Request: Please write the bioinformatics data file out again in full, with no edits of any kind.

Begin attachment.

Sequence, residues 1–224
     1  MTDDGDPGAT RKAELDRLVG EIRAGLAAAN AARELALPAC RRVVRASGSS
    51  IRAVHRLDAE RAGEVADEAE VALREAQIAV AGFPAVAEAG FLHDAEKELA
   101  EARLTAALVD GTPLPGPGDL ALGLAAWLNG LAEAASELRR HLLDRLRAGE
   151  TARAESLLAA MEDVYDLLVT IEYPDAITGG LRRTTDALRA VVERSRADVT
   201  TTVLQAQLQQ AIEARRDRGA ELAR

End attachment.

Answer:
Sequence, residues 1–224
     1  MTDDGDPGAT RKAELDRLVG EIRAGLAAAN AARELALPAC RRVVRASGSS
    51  IRAVHRLDAE RAGEVADEAE VALREAQIAV AGFPAVAEAG FLHDAEKELA
   101  EARLTAALVD GTPLPGPGDL ALGLAAWLNG LAEAASELRR HLLDRLRAGE
   151  TARAESLLAA MEDVYDLLVT IEYPDAITGG LRRTTDALRA VVERSRADVT
   201  TTVLQAQLQQ AIEARRDRGA ELAR